Skip to main content

Joey Tempest: When Europe reunited, we bonded over Audioslave

Joey Tempest headshot
(Image credit: Tina Korhonen)

Classic Rock 300 logo

This interview was conducted to mark the 300th issue of Classic Rock magazine, which launched in 1998. The anniversary issue is available to purchase online (opens in new tab), and also features interviews with Gene Simmons, Def Leppard, Alice Cooper, Geddy Lee, Justin Hawkins, Rick Nielsen, Slash and many more.

Europe’s rebirth as one of the world’s finest hard rock bands has dovetailed nicely with Classic Rock’s growth. 

Those who might have dismissed the band as pop-metal poodles have had their preconceptions blown away by a string of superior albums showcasing a gifted unit who can be placed in the classic lineage of Thin Lizzy, Deep Purple, Led Zeppelin and Black Sabbath

Frontman Joey Tempest has only positive memories as he looks back on the band’s second act, which kicked off aboard a Stockholm barge as the band left their mark on Sweden's 2000 millennium celebrations. 

"Rehearsing for that was the first time we’d all been in a room together for eight or nine years," Joey says. "And it felt like we’d just been on a coffee break"

Alt

Europe were on hiatus when Classic Rock launched. What was going on in your life at the time? 

I was living in Ireland, in County Wicklow, where I spent the latter part of the nineties, and I was working on songs for my third solo album [Joey Tempest], which came out in 2002. 

I’d started talking again to [Europe drummer] Ian Haughland and [guitarist] John Norum, because we were feeling like we missed each other, and the next thing that happened was our big reunion show on millennium eve, playing Rock The Night and The Final Countdown on a huge barge in the middle of Stockholm, in minus-20 degrees, just before midnight, which was mayhem. 

Rehearsing for that was the first time we’d all been in a room together for eight or nine years, and it felt like we’d just been on a coffee break. 

There’s a sizable gap between that show and the next Europe album, 2004’s Start From The Dark

Yeah. I had to release that solo album, and John Norum had to finish up some stuff in Los Angeles with Dokken, so we’d said: “Let’s meet up at Mic’s [Michaeli, keyboard player] place in Stockholm in 2002!”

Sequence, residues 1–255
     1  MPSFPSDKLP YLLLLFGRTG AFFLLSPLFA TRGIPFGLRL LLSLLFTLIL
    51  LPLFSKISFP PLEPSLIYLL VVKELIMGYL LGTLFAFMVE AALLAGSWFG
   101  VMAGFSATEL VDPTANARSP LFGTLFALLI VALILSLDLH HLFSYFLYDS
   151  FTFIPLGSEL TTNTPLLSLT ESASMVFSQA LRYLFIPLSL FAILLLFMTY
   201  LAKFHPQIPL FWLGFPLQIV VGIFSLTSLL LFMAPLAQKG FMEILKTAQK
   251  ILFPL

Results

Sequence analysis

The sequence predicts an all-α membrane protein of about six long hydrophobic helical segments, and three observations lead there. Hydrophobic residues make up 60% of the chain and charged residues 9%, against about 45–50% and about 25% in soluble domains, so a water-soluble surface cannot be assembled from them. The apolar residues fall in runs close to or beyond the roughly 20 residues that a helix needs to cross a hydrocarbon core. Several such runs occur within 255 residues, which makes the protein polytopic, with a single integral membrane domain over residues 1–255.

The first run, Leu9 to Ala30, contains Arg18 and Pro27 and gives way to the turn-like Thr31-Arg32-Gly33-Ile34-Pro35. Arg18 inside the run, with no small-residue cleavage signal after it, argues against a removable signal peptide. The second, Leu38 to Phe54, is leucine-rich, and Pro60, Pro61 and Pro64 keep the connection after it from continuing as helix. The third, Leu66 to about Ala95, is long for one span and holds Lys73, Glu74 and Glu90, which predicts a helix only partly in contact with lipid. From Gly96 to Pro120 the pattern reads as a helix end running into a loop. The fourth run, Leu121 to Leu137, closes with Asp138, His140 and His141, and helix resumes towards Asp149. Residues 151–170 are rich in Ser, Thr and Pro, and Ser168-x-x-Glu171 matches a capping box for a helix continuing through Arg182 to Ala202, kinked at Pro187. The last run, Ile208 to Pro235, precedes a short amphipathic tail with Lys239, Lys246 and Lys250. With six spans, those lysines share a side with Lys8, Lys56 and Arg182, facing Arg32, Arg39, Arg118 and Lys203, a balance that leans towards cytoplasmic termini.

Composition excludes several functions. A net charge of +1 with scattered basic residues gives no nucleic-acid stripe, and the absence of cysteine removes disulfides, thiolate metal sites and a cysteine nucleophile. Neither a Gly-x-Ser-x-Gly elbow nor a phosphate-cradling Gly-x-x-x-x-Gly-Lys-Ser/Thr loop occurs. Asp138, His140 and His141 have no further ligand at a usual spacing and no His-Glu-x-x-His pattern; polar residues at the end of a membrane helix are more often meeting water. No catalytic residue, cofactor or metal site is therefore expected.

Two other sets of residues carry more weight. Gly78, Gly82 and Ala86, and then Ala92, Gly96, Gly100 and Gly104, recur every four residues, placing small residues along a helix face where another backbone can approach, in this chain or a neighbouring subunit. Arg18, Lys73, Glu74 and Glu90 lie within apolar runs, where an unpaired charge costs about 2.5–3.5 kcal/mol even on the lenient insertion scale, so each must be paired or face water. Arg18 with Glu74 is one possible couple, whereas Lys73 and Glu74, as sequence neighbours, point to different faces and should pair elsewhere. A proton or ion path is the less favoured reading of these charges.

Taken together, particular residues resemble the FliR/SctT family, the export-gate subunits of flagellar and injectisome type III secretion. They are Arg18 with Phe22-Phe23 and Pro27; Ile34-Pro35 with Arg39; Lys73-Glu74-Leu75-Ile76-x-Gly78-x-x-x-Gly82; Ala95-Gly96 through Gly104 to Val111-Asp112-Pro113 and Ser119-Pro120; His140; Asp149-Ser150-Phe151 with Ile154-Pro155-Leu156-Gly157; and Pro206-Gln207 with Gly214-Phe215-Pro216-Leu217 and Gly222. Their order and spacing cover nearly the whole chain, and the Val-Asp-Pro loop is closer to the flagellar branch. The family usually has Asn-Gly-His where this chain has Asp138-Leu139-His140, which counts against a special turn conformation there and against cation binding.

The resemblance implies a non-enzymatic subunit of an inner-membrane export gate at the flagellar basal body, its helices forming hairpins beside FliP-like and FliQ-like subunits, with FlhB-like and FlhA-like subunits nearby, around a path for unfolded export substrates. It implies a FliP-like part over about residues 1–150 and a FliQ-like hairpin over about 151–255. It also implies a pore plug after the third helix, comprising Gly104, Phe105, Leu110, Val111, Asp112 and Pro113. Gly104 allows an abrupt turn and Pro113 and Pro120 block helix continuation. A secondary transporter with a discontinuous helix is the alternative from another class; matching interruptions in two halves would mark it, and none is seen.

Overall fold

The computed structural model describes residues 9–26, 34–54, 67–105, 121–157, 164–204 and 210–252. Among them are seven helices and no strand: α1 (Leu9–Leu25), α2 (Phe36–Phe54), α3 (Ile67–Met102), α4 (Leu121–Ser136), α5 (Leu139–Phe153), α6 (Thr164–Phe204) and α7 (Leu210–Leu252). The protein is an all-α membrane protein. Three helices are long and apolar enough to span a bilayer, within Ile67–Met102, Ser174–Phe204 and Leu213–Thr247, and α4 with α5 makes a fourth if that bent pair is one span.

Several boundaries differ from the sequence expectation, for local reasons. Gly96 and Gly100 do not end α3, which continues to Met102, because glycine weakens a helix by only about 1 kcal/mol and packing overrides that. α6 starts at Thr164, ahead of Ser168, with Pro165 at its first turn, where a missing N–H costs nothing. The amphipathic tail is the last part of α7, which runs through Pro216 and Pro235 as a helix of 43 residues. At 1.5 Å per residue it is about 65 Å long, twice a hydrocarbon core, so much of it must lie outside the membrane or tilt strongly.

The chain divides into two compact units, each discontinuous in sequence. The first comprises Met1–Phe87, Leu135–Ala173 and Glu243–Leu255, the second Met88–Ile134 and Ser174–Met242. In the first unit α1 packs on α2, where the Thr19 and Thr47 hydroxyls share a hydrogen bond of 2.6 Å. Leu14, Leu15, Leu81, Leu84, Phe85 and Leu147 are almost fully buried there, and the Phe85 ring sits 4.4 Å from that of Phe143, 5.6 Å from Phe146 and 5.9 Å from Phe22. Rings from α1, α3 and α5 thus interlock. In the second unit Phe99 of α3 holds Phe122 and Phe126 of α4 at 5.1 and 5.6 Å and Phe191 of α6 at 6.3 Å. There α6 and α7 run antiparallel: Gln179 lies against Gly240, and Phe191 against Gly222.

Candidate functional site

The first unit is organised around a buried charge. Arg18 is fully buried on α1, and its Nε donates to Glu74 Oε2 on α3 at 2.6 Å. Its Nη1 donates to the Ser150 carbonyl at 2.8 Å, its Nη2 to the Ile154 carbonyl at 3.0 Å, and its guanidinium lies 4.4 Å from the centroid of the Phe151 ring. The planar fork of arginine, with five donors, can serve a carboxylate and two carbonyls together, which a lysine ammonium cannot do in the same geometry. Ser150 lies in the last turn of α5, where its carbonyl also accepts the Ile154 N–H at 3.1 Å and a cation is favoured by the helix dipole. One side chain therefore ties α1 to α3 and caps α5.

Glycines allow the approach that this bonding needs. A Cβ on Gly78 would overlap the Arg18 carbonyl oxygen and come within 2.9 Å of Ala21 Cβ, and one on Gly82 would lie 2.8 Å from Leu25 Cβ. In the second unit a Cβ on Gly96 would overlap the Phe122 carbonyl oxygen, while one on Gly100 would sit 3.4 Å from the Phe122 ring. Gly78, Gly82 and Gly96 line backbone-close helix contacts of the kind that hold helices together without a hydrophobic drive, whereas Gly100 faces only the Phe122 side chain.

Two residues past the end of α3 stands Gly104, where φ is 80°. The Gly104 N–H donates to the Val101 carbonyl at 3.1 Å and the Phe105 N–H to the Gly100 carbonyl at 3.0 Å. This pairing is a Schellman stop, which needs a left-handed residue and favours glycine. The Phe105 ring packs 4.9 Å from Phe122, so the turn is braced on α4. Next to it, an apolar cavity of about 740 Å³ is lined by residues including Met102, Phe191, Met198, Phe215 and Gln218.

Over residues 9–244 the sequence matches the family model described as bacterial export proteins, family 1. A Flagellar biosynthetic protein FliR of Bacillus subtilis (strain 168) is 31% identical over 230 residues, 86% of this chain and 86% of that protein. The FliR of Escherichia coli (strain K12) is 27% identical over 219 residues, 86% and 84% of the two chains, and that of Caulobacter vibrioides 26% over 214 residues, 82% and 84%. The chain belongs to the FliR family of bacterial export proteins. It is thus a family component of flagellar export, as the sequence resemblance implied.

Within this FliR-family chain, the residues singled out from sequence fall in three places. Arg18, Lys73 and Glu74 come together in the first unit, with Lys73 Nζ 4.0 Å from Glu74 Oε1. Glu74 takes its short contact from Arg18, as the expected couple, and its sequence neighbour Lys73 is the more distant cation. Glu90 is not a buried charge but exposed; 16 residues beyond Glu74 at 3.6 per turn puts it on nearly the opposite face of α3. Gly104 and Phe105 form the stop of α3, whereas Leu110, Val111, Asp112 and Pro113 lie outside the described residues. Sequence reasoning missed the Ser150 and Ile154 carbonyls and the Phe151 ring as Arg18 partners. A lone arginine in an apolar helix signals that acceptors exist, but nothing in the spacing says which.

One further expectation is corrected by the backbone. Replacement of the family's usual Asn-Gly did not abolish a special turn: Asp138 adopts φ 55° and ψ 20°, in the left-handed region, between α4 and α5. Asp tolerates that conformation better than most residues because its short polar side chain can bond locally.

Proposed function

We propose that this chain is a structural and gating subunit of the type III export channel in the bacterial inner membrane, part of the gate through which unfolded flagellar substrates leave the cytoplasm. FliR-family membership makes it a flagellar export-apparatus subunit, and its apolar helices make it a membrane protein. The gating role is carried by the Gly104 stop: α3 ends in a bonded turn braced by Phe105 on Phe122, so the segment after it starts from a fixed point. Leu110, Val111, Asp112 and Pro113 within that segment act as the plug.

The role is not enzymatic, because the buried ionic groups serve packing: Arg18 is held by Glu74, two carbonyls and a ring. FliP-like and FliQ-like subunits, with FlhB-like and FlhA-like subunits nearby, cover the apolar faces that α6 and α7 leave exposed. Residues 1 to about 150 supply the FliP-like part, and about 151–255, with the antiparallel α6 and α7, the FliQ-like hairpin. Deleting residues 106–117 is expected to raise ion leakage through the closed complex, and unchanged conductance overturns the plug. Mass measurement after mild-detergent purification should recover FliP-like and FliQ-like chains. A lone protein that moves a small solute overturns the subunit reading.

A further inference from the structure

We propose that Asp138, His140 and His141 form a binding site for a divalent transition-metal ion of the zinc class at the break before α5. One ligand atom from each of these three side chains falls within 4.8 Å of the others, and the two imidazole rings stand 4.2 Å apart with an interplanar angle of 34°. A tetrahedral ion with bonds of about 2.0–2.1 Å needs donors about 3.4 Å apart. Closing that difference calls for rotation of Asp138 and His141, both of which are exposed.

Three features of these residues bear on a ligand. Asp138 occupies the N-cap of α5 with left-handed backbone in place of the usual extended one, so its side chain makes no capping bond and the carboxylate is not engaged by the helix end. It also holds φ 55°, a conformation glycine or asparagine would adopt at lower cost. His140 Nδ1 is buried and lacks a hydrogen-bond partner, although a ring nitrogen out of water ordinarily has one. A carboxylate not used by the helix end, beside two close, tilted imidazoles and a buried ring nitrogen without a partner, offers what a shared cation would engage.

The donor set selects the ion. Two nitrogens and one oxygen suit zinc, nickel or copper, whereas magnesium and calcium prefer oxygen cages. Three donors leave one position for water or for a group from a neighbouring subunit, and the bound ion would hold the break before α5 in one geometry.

And that’s what we did, and we decided to get back together and do this our way. I remember we all bonded over the first Audioslave album, which we thought was brilliant, classic rock for the new millennium. An inspiring record.

When you returned, was there a sense that Europe could now be viewed as a classic rock band? 

I think that happens gradually, without you even knowing it! When we got back together we knew that it’d take maybe years to shake off the imprint of us being seen just as ‘The Final Countdown guys’. And Classic Rock magazine played a big part in helping us re-establish ourselves. I might be wrong, but I think [2006’s] Secret Society had a favourable review, and certainly when we were invited to headline the Bloodstock festival in 2009, that felt like a real turning point. 

We started appearing more and more in the magazine after the release of [2009’s] Last Look At Eden. I remember we did an interview with your now-Editor, Siân, on the roof of the Sanctum hotel, and she was so welcoming and friendly. Being in the magazine meant so much to us, because it’s a magazine we all love. 

Headlining Bloodstock must have been quite daunting at the time, given its positioning as a really heavy festival

Yeah. I remember we were laughing reading the forums beforehand, because everyone was like: “What are Europe doing here?” [Laughs] But I think we did a good job. And I remember that a lot of the Scandinavian metal bands on the bill came to us and were like: “Woah, that was great!” I think a lot of those bands liked our first two albums; I know that the guys from Opeth and Ghost are fans.

It seems like Europe are in a really good place right now, genuinely on a roll. 

It feels like that for us, over the past three albums, really. We did Bag Of Bones [2012] with Kevin Shirley, and I actually kept the review from Classic Rock because it was so amazing. It ended: “Forget what you think you know, Europe are one of the greatest rock bands on the planet right now, and Bag Of Bones is an outright joy.” We were so happy about that! 

Recording the last album, Walk The Earth, with Dave Cobb at Abbey Road studios, was amazing, and we landed a Swedish Grammy for that. We’ve been very lucky. 

So what’s next for Europe? 

We’ve been writing a lot and we’re getting ready to meet up again and throw some ideas around. The pandemic gave me a chance to reset my writing, and I’m really excited about getting back together with everyone. I’m not sure that we’d get a record out this year, but we’re working hard. 

Maybe that will give the band a shot at the cover of the magazine

Oh, that would be amazing. I know a Swedish rock band isn’t the easiest sell, but that would be awesome. I’ll hang on to that thought as a dream!

Paul Brannigan
Paul Brannigan

A music writer since 1993, formerly Editor of Kerrang! and Planet Rock magazine (RIP), Paul Brannigan is a Contributing Editor to Louder. Having previously written books on Lemmy, Dave Grohl (the Sunday Times best-seller This Is A Call) and Metallica (Birth School Metallica Death, co-authored with Ian Winwood), his Eddie Van Halen biography (Eruption in the UK, Unchained in the US) emerged in 2021. He has written for Rolling Stone, Mojo and Q, hung out with Fugazi at Dischord House, flown on Ozzy Osbourne's private jet, played Angus Young's Gibson SG, and interviewed everyone from Aerosmith and Beastie Boys to Young Gods and ZZ Top. Brannigan lives in North London and supports The Arsenal.